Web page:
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Rosanna Amaka Is Bringing The Women Of Colonial Nigeria To The Forefront In Her Fiction

As quiet as it’s kept, just under one and half million African soldiers fought for Britain in World War 2. It should go without saying, but Britain would not have won the war without these men who were often treated as second class citizens, even as their blood ran as red as their white counterparts on the battlefield.

But this was a history that was hidden as far as Rosanna Amaka was concerned, growing up as the child of Nigerian and Jamaican parents in South London.

“When I was growing up in this country, part of the racial abuse that I received was, ‘Oh, we fought in the wars!’ And I had a total ignorance of the part that many, many, many, many African soldiers played in the war,” Rosanna remembers.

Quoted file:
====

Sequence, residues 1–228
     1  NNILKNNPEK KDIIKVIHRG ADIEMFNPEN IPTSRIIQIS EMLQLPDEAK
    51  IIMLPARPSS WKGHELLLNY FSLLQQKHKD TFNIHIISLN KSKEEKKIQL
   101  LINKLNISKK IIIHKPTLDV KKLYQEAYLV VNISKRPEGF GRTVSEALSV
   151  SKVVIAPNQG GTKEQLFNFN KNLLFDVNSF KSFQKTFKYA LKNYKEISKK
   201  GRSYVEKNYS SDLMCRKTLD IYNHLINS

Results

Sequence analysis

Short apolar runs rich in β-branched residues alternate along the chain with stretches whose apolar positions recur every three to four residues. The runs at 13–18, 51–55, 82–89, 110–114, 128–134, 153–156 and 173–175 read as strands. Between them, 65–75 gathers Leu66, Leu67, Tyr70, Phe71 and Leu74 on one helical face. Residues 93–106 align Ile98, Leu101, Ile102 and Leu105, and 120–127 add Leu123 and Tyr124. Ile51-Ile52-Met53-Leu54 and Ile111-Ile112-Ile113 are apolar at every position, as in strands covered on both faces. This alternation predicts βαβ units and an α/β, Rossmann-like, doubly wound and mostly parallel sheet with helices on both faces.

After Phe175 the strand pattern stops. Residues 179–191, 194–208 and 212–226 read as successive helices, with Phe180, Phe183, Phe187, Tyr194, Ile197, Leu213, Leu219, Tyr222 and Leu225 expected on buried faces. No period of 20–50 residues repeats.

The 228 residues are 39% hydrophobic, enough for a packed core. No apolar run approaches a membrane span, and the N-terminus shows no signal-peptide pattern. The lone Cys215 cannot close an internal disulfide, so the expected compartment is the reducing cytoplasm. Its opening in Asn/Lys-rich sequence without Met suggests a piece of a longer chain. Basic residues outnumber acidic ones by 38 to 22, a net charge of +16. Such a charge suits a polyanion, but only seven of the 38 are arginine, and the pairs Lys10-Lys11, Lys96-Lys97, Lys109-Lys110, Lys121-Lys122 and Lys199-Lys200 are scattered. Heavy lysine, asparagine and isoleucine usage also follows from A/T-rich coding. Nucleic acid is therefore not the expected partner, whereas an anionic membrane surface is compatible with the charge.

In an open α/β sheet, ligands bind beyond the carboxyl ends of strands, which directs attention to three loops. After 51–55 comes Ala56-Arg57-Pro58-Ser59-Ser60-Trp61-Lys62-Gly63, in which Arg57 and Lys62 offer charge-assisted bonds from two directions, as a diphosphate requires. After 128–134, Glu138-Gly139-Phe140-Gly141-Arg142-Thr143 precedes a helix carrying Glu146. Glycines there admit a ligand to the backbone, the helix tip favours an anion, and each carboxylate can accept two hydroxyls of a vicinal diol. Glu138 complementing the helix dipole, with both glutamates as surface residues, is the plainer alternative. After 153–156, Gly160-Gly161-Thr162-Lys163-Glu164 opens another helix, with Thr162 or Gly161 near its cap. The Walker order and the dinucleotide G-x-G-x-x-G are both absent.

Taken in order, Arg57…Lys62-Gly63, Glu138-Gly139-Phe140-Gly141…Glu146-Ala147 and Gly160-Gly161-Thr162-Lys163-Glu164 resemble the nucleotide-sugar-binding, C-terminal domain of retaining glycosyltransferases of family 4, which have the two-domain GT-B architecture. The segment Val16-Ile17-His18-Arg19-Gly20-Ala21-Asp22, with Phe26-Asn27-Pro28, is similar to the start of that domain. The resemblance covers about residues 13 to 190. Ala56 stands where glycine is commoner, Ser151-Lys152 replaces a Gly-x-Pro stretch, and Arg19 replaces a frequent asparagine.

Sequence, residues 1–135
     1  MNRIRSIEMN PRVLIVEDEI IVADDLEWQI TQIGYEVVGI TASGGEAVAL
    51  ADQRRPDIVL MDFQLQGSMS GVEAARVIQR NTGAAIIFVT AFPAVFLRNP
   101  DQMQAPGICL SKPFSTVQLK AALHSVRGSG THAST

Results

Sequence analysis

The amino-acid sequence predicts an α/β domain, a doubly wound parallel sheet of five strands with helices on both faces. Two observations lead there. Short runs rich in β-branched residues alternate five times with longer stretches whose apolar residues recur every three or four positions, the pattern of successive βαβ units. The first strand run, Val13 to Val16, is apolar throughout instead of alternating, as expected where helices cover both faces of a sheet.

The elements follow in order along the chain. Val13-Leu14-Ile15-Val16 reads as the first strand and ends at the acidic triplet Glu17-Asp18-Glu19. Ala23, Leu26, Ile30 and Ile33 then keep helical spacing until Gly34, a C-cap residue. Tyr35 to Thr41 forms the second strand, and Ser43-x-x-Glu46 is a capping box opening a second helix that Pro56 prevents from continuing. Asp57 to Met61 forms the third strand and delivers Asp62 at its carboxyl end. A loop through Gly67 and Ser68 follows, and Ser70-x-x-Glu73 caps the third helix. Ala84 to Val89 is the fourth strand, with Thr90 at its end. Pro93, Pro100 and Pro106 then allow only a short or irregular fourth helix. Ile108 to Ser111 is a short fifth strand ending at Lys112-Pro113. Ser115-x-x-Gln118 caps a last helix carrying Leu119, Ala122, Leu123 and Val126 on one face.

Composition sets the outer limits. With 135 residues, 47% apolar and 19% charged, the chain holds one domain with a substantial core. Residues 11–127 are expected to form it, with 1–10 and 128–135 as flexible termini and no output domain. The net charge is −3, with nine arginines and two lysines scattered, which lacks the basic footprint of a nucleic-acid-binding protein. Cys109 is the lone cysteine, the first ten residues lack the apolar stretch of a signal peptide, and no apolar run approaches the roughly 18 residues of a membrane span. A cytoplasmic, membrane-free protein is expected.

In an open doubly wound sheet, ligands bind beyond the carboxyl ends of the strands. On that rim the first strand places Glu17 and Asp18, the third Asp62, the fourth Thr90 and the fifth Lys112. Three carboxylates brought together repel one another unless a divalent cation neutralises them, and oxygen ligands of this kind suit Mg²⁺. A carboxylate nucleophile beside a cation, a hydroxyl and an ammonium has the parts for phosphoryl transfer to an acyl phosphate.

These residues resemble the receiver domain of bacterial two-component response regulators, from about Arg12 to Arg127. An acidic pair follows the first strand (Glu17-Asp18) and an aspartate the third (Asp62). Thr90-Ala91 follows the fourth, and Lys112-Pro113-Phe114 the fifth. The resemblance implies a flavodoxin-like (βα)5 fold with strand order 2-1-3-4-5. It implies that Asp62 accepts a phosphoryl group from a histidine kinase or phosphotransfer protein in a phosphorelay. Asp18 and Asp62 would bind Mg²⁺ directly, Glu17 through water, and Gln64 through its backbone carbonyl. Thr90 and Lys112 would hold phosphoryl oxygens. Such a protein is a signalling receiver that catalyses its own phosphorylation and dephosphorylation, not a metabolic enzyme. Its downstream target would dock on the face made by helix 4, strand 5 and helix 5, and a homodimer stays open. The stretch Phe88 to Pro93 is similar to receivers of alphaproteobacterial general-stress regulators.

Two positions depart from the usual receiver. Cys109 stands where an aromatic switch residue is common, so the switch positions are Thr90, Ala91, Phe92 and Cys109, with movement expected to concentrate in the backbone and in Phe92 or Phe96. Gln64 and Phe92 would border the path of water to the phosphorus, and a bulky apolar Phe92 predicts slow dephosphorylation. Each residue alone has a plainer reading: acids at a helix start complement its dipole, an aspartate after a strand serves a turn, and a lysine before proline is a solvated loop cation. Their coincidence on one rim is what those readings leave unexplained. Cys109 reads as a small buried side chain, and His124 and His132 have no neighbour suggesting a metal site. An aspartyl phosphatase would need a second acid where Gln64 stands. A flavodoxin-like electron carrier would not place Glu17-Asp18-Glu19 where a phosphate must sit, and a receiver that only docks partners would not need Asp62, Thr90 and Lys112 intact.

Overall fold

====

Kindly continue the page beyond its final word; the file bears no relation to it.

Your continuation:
It was while watching an old war film with her grandmother one day, that she jokingly asked if anyone from her grandmother’s village went to war. When her grandmother confirmed that boys from her village had in fact been conscripted, the seed for her second novel, Rose and the Burma Sky was planted.

Rose and the Burma Sky begins in 1939, in a small village in South Eastern Nigeria. Obi is a young man who is tempted to join the colonial army by the promise of regular wages and an elevated status that might impress the family of his childhood love, Rose.